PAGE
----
The day my teenage daughter, Kara, passed her driver's test proved to be both a proud and scary moment. Proud in that she displayed the knowledge and skills necessary to operate a vehicle, but scary in that she was now in possession of 3,000 pounds of metal, capable of speeds up to 100 miles per hour.
Since safety was always a big concern of mine, I guess practicing in the confines of a cemetery paid off. That is where I first taught my daughter how to ride a bicycle and years later how to drive a car. It was the safest spot I could think of. I figured what harm could she possibly do?
Having her drive around our subdivision for the first time with real live people in moving traffic was the most nerve-racking experience of my life. I felt like an air traffic controller without benefit of radar. She did great despite myepisodes of screaming, leaning, grabbing and pressing my braking foot to the floor.
In order for Kara to pass her written test, she had to answer a question such as, "How many car lengths do you need to be behind the car in front of you?" Granted this is important, but shouldn't there also be a mandatory parental checklist?
"Do you know how to operate a dishwasher, washing machine and dryer? Can you cook a full meal? Are you willing to take your pet for a walk? Can you change an empty toilet paper roll? Will you put gas in the car?" Then and only then should licenses be issued to teenagers.
What amazes me the most is that Kara went from driving a Barbie jeep to an automobile in less than 10 years. How can I stress the importance that driving is risky business? An amusement park ride's bumper-car mentality no longer works. Hitting and bouncing off of another vehicle is no longer fun, but detrimental to one's health as well as others.
Since my daughter started driving a whopping three months ago, she has become an expert on the subject and has reminded me that my driving skills are a bit lax. I often hear, "You didn't put on your directional when you changed lanes" or "You didn't come to a full stop at the stop sign."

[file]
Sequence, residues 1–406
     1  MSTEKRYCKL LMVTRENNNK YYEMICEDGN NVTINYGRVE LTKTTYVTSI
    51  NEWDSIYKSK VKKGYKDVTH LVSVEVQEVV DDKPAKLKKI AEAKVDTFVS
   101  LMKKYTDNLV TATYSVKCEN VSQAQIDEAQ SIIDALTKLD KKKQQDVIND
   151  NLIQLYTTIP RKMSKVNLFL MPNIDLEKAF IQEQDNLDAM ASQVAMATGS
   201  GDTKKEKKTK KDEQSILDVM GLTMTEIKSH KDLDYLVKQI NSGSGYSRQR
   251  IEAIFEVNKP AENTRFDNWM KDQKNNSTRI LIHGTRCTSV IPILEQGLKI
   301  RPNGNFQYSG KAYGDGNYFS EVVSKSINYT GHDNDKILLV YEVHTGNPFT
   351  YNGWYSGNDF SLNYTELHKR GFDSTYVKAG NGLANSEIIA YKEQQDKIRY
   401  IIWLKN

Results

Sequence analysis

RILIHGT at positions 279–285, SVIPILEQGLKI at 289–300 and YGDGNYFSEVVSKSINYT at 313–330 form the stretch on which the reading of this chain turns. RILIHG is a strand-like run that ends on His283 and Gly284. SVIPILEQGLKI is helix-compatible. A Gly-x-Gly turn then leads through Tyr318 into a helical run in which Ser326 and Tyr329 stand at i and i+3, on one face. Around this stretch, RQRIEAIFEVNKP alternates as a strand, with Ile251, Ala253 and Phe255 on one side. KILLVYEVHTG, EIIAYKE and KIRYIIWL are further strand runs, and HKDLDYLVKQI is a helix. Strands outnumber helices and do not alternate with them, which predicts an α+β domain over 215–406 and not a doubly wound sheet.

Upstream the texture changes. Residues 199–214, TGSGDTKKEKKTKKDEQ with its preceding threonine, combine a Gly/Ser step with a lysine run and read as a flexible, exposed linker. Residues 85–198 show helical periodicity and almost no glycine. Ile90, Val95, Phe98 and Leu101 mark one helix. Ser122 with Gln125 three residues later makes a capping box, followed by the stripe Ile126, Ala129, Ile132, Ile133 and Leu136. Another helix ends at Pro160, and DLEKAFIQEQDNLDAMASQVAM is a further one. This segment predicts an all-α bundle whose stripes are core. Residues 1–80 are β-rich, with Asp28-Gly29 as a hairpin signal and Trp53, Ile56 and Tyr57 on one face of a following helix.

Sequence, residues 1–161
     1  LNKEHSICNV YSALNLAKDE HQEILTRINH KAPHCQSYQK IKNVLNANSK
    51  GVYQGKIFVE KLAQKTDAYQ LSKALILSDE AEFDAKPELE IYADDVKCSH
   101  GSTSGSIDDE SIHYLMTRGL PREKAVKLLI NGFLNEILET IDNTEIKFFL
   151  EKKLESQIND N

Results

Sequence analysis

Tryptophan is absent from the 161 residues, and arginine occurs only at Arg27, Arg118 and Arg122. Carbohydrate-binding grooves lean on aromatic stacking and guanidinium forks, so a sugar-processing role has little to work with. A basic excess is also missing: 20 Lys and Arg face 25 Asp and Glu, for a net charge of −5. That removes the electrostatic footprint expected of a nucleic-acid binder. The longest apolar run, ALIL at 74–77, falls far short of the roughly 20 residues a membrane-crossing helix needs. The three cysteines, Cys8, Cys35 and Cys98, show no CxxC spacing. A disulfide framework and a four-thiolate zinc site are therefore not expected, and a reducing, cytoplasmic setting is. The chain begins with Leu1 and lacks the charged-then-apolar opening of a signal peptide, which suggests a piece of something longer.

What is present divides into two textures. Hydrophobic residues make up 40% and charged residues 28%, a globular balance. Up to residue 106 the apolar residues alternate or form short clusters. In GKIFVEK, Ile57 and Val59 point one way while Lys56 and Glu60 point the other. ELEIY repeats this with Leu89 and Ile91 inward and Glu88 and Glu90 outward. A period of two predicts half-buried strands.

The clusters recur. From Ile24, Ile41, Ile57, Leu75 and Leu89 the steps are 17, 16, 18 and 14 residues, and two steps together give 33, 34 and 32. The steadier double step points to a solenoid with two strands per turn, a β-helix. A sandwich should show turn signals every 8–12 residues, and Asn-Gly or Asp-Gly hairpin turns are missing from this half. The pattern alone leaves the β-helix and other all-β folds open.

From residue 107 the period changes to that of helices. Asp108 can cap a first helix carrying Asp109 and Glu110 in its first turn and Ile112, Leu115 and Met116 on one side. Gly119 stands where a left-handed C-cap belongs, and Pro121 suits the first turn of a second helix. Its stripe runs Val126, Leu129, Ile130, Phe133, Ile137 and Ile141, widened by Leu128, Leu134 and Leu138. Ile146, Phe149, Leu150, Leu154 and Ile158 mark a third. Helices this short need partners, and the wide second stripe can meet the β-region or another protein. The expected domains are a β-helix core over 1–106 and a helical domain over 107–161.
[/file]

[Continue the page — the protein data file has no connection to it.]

I first started driving 40 years ago. All I can remember is being in the middle of an intersection and hearing "honk, honk, honk" directed at me and not having the slightest clue of what went wrong.
Times have changed since I first got behind the wheel. The only distractions to cope with then were tunes from the car's radio, an air freshener dangling from the mirror and a St. Christopher medal on the dash.
Today's youth have to contend with superhighways at super speeds, a significant increase in car traffic and noise from radios, CDs, DVDs, laptop computers, GPS systems and cell phones.
Living in the snow belt, lake-effect region, I can hardly wait until she experiences winter driving. Having been caught in a few blinding blizzards, I will make sure she keeps a survival kit in her car. The basics include a flashlight, an empty coffee can with candles and matches, a blanket, windshield washer fluid, a heavy-duty ice scraper and a receptacle for waste.
I hope I have steered my daughter in the right direction, because I am no longer in the driver seat. Just in case, I'll throw in a set of rosary beads for good measure.
Karen Adragna Walsh, who lives in Hamburg, hopes she has steered her daughter in the right direction.